To demonstrate the way in which the stages of disease operate, imagine a pot of water on a stove burner. As the water sits on the burner, it begins to boil (accumulation). If the heat is not turned down, the water may boil over (aggravation). As the water flows over the edge of the pot, it spreads all over the stove (dissemination). The water finds the lowest point on the stove and begins to collect there (localization). If left standing for a long period, the water will begin to rust and erode the stovetop (manifestation). Over time the water may actually render the stovetop inoperable (disruption).
The same process takes place in the human body. A seemingly insignificant symptom left untreated may, in time, wreak havoc in the body. For example, gurgling in stomach after eating (accumulation) may turn into bloating (aggravation). Constipation could then ensue (dissemination) followed by intestinal permeability (localization). If left untreated, undigested food particles may leak through the permeable intestines and flood the bloodstream, creating chronic inflammation, perhaps in the form of arthritis (manifestation). The untreated inflammation could, in turn, cause the body to attack itself and create an autoimmune disease (disruption).
Research in The Journal of Immunology Research tracks the aforementioned process as follows: “Inflammation is a normal physiological defense against pathogen infection and tissue damage and quickly ends under normal circumstances. However, in many chronic conditions, the inflammatory response continues and leads to significant tissue/organ damage. Recently, increasing evidence shows that the abnormal inflammatory response is closely associated with many chronic diseases, especially in autoimmune diseases.”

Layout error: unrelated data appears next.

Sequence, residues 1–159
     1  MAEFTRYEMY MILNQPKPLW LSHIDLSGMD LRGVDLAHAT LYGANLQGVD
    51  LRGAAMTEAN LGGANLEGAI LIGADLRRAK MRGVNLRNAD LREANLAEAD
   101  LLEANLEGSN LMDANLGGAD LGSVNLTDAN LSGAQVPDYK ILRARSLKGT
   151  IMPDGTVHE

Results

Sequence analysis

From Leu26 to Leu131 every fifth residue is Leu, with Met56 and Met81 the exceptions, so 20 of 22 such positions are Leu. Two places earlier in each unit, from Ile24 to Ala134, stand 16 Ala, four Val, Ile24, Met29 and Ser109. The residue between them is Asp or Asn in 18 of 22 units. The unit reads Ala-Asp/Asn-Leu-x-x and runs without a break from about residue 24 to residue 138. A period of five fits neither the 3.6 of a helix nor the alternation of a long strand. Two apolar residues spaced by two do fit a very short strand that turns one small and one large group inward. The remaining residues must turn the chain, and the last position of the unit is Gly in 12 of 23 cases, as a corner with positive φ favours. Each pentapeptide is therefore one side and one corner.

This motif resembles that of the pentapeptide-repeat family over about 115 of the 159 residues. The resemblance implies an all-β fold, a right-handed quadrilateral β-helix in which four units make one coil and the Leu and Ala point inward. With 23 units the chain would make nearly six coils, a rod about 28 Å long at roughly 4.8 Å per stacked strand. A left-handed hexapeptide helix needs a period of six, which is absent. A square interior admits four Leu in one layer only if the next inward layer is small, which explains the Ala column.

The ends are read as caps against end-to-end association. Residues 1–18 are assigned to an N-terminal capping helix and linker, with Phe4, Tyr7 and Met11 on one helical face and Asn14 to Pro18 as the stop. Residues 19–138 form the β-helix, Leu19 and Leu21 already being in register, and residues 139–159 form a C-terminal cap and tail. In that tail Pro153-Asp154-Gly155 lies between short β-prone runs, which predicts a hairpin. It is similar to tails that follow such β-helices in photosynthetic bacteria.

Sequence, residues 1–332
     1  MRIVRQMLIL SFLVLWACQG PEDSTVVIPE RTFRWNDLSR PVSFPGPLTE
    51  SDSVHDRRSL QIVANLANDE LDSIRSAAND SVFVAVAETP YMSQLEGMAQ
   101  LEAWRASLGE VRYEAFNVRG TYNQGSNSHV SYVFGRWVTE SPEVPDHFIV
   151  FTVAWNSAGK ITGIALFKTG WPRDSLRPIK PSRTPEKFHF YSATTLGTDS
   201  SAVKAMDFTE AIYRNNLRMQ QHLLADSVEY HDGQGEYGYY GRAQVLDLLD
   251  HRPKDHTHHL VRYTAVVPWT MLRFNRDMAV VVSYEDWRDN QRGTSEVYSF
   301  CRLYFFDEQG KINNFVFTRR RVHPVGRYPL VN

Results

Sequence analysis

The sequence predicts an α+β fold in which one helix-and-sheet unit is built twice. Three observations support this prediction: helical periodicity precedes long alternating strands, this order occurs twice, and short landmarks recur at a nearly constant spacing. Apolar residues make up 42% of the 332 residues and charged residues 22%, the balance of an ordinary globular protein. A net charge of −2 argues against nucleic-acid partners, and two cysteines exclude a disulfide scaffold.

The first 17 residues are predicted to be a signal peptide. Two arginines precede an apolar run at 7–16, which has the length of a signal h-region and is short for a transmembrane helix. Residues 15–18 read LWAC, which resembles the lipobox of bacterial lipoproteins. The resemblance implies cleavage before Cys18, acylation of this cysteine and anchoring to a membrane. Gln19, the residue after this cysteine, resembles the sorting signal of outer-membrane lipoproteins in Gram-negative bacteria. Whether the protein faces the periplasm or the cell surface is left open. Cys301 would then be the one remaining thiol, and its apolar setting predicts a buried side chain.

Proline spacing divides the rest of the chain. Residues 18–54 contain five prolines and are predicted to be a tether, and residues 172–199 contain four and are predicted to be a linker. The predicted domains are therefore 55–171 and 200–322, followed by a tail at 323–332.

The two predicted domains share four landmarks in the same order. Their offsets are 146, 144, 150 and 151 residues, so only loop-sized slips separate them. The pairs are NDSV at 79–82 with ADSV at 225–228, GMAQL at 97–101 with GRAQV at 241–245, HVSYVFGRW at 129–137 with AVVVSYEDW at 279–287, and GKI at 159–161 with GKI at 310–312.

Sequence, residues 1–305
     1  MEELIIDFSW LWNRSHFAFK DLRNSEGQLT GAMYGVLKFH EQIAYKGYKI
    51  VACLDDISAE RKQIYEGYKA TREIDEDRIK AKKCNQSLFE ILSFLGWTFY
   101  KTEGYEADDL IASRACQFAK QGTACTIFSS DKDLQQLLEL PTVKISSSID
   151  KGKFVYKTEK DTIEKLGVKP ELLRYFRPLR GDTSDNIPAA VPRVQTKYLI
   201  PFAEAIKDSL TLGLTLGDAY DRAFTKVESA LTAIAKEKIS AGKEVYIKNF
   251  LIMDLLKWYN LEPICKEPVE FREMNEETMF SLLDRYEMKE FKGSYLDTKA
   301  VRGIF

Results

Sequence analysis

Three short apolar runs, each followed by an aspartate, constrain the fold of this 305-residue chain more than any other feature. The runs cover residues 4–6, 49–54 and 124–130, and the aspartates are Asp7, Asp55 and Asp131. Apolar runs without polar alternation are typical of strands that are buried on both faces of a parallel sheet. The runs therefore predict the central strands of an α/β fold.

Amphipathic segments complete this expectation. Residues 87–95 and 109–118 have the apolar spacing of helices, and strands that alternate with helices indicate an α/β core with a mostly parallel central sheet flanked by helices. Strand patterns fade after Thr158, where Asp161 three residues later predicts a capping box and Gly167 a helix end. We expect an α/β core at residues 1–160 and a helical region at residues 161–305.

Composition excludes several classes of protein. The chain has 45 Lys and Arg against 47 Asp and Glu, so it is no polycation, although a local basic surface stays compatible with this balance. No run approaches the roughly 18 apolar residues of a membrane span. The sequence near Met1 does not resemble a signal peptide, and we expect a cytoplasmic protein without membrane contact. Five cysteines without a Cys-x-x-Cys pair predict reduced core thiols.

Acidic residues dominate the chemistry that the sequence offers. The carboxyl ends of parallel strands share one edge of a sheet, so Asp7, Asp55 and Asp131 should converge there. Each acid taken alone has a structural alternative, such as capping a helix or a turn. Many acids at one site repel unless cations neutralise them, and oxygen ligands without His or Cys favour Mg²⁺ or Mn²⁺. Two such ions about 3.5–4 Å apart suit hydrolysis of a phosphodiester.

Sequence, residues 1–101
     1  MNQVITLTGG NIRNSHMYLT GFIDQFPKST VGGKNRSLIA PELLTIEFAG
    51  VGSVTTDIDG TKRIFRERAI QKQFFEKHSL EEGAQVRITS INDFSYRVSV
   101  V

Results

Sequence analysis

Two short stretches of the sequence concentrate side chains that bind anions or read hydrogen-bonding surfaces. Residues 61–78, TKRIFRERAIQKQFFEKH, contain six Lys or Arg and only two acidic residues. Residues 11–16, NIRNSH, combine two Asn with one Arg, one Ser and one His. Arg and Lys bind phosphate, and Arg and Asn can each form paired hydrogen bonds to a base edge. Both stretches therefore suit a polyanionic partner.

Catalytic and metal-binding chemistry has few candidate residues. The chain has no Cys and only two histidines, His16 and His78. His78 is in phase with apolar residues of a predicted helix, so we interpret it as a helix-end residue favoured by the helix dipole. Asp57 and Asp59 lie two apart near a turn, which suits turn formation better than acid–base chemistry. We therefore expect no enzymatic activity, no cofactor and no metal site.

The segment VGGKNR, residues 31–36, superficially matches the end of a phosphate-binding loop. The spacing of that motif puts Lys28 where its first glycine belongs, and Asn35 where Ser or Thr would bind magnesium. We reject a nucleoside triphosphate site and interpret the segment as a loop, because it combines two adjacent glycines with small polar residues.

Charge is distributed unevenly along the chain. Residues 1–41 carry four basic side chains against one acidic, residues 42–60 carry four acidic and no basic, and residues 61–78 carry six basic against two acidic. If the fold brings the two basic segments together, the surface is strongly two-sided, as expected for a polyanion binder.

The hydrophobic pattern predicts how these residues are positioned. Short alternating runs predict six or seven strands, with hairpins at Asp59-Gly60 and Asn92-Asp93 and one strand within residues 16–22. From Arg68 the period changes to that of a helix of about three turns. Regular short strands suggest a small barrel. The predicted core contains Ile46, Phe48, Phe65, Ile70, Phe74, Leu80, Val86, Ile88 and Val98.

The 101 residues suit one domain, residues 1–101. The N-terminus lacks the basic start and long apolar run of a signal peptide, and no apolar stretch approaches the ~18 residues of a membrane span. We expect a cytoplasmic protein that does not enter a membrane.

Nature as Healer
The human body is an incredible network of energy and intelligence. The energetic network that directs the operations of the body is recharged through nature. When ill health is experienced on any level, it is an indication that the energy and intelligence of the body needs to be recharged with nature’s intelligence. This can be done by spending time in nature as well as allowing nature to spend time in you.
Research is showing that people who spend time in green spaces experience less disease, have longer life spans, and feel less stressed. Other studies have found that invisible chemicals (called phytoncides) in some trees can reduce stress hormones, lower anxiety, and improve blood pressure and immunity. Being outdoors provides much-needed vitamin D and natural stabilization of melatonin levels. Japanese researchers even found that people who live near forests have significantly lower rates of lung, breast, uterine, prostate, kidney, and colon cancers. Clearly, the human body is meant to spend time in nature.
Yet spending time outdoors is not the only way to access nature’s recharging influence. Ingesting nature in the form of fresh fruits, vegetables, seeds, and nuts allows the energetic network of the human body to directly recharge with nature’s intelligence. Nature’s foods have been found time and time again to increase health, vitality, and well-being. The converse is also true. According to one researcher, “Regular consumption of fruits, vegetables, whole grains, and other plant foods has been negatively correlated with the risk of the development of chronic diseases.” In other words, eating fresh foods decreases disease. Herbs, which are abundantly used in Ayurvedic medicine, contain precise energy and information that can be used to alleviate specific imbalances.
An Ayurvedic health care practitioner is highly trained in the integration of the three principles of Ayurvedic medicine. By appropriately apply these principles, Ayurvedic medicine is able to create health and prevent disease.
*Editor’s Note: The information in this article is intended for your educational use only; does not necessarily reflect the opinions of the Chopra Center's Mind-Body Medical Group; and is not a substitute for professional medical advice, diagnosis, or treatment. Always seek the advice of your physician or other qualified health providers with any questions you may have regarding a medical condition and before undertaking any diet, supplement, fitness, or other health program.